Parents of hazing victim react to FAMU reinstating Marching 100 - Montgomery Alabama news.

Parents of hazing victim react to FAMU reinstating Marching 100


Florida A&M's interim president announced on Thursday the school was lifting the Marching 100's suspension.

The school suspended the marching band after the hazing death of their drum major, Robert Champion, in 2011.

Campion's parents, who live in DeKalb County, spoke out about the decision.

"Just dropping of your head and shaking your head, but I wasn't surprised," said Robert Champion's mother, Pam Champion.

She said the decision shows the school is doing what it has done for years.

"They took the steps of putting the band anyway for the dollar," said Pam Champion.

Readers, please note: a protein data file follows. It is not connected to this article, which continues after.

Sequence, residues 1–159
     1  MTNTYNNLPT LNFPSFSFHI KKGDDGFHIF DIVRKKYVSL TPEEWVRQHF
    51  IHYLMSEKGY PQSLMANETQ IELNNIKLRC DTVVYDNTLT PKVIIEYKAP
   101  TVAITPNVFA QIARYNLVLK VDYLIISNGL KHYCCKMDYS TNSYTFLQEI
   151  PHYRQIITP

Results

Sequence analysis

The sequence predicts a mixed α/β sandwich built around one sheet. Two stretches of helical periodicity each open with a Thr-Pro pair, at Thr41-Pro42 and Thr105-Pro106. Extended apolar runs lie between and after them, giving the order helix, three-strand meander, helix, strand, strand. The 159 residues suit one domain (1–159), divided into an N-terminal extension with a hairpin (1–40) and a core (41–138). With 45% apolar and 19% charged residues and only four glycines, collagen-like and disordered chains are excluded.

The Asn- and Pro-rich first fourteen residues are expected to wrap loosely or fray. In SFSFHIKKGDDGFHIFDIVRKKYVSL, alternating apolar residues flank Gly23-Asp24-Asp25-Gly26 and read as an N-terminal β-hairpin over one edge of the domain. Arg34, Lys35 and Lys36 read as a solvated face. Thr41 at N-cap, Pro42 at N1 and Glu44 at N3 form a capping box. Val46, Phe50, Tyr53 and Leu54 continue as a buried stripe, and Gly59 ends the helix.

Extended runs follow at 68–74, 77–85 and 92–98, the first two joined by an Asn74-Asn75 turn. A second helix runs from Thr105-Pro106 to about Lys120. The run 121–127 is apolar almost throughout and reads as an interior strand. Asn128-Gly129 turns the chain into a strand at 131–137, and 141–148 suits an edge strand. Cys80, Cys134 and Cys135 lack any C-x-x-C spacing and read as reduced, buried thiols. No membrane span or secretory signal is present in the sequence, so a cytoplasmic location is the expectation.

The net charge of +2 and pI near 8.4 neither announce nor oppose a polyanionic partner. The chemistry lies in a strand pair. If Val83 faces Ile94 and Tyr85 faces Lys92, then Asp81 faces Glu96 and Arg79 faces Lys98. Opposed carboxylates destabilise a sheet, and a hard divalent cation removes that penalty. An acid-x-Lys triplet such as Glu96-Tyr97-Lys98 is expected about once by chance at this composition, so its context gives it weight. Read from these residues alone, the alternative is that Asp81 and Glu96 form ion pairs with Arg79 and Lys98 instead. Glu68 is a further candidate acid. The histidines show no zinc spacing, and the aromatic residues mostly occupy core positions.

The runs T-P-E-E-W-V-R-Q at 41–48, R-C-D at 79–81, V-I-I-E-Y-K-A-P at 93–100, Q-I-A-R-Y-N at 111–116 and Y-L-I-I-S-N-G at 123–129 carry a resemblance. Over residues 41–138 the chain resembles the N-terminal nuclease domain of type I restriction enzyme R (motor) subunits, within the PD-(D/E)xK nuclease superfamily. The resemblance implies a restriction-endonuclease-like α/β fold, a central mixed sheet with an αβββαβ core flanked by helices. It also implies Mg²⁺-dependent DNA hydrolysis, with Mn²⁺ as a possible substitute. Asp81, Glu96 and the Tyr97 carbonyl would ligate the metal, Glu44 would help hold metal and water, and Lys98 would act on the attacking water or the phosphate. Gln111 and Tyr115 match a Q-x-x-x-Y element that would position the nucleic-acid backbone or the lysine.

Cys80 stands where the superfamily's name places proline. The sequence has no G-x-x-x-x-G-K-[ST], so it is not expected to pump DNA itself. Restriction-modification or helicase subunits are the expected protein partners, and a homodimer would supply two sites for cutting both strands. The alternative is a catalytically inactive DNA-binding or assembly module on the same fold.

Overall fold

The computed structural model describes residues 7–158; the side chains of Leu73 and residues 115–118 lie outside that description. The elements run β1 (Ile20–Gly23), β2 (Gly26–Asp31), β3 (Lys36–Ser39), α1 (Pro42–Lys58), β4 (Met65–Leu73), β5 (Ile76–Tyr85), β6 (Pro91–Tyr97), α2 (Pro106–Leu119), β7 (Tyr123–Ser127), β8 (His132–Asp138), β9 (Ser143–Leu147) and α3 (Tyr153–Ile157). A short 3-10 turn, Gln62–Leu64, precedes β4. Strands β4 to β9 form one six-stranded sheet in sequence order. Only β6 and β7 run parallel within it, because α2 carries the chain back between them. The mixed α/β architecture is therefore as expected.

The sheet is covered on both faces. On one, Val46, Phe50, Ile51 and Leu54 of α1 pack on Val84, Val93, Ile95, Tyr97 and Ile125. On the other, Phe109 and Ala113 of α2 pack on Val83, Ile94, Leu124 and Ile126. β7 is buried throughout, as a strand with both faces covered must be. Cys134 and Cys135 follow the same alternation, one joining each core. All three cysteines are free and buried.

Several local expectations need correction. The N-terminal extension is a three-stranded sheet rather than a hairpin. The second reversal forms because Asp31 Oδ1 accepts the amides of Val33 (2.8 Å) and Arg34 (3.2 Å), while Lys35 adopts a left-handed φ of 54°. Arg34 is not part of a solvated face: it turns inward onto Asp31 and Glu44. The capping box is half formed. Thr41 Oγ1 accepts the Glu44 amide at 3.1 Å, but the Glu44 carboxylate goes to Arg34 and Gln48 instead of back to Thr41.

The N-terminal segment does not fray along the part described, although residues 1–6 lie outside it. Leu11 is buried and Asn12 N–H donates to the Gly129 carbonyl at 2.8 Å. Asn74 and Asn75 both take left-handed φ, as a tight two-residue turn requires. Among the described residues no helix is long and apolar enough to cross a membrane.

When the announcement was made at the school students in the crowd cheered. The interim president said a new band director and new anti-hazing policies are in place to protect students.

"I just encourage the students who are currently here to not participate in those sort of activities, not to dwell in the past or make it seem as if those sorts of behaviors were acceptable," said anti-hazing assistant Bryan Smith.

Robert Champion's parents said they are not convinced the culture of hazing within the Marching 100 has changed.

"The University had the chance to step up and do the right thing and to keep the band off the field and make sure the band is safe to put back on the field," said Robert Champion's father, Robert Champion Sr.

The new band director said he will put the band back on the field when he determines they're ready, and that could be this season's first football game.

Robert Champion's parents started the organization the Robert D. Champion Drum Major Foundation for Change to stop hazing in all groups.

Twelve former band members are charged with manslaughter in his death.

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